Huh?

Ya. He’d been cat-napped. Poor guy.

At least we knew then that he’d been Dr. Cat to them, and at that point we were able to get him inside. We bathed him (he hated it) and put him on some flea meds (he was covered in them). He slept next to our bed and loved to jump on the kitchen counter. Well, any cool, hard surface, really. He drank out of the toilet. He kept himself perfectly clean. He made friends with everyone who visited us. He was an indoor/outdoor cat when we got Coach, but they did alright together.

He was an old cat. Not sure how old, but he was old. He mostly sat around the house and laid out in the sun. He started loosing weight pretty rapidly a year ago, so I changed his food and moved him back inside full time.

I started to worry about him when he had a few accidents inside and started getting restless at night. He started drinking twice as much as before and eating us out of house and home, but the weight kept coming off. He was suffering from hyperthyroidism – not uncommon in older cats. We knew time was probably running out and just wanted to keep him happy.

Dr. Cat always purred until the day he died. That’s what made me think it was time. He didn’t purr when we pet him or talked to him. But, he went peacefully and we were happy for that.

He was the perfect cat and we are so happy to have spent the last 4 years with him. RIP Doc, we miss you <3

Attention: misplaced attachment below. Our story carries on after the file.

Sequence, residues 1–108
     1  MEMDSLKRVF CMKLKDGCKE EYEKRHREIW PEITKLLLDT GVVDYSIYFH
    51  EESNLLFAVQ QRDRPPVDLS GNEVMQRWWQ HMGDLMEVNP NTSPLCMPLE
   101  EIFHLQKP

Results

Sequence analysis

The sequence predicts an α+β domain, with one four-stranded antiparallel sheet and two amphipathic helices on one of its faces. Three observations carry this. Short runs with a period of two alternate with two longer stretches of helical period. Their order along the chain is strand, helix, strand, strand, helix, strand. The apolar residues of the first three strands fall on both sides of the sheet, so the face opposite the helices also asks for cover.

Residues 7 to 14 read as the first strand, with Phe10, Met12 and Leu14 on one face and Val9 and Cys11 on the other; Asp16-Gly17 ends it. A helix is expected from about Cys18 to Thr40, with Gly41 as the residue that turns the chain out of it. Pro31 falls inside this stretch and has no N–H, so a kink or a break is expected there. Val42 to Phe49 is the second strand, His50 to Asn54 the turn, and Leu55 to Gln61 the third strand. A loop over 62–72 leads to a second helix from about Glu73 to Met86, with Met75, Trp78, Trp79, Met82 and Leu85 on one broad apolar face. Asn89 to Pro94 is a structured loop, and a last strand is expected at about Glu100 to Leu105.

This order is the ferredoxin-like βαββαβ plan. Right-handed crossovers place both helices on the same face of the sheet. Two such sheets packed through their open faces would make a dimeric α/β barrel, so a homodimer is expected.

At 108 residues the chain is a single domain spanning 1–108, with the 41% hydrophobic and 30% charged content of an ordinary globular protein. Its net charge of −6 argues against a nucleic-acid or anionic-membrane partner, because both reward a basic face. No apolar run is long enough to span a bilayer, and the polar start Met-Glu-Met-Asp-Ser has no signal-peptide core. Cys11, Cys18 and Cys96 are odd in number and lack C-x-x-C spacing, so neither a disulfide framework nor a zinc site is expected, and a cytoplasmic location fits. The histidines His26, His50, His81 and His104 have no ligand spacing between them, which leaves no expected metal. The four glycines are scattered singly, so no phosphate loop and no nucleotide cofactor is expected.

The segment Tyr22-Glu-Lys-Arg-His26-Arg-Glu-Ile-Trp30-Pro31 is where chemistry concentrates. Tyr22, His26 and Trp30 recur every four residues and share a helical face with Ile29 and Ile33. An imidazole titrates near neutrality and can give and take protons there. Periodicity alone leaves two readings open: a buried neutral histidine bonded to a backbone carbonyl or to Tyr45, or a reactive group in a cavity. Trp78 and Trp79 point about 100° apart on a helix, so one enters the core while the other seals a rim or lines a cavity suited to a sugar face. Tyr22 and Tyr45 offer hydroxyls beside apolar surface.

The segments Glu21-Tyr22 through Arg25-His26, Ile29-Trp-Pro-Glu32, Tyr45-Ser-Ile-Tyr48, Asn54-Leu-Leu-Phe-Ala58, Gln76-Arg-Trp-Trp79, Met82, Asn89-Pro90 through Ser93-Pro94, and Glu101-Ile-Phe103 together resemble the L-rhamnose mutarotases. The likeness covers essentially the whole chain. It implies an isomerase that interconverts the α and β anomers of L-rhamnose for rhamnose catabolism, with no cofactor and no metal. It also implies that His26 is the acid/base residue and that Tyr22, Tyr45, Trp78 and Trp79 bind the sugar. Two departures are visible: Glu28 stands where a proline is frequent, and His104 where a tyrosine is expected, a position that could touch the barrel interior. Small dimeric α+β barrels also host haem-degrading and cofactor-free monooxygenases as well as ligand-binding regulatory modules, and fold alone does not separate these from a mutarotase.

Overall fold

The Water Situation: California

Call me Crunchy. But I have a bit of an issue lately with the over-use of natural resources.

You can stop reading here if this offends you.

I know it’s not polite to talk about politics in a public setting (i.e. on the internet), but I can’t help myself. I come from a very conservative community, grew up in a very conservative home, live a very conservative lifestyle…you get the point.

But one thing conservatives seem to be very liberal about (in general) is using things up.

Growing up in California, I’ve seen it all. Water shortages, electricity shortages, clean air shortages…the depletion of precious resources (like old-growth redwoods and oil)…in this state, we use like it’ll never run out.

But it does.

Blackouts, droughts, clear-cuts, waste waste waste.

For a state with such a rough history, we certainly do know how to abuse whatever’s available to us.

It disgusts me.

And now I’m just mad.

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Though the Sacramento area (my hometown) has successfully cut back water-usage by 18% in 2014, it’s not enough. And this is not a state-wide reduction. Water is a very precious commodity, with 10 of the state’s 12 major reservoirs at less than 50% full. According to the SFGate, last year was the driest year California’s seen since records began in the 1840’s.

It’s true that things were worse 40 years ago. But, 40 years ago, Californians seemed more interested in conserving water. Government officials are threatening a $500 fine for residents who do not conserve, when in 1977, people took the responsibility of living within their means upon themselves.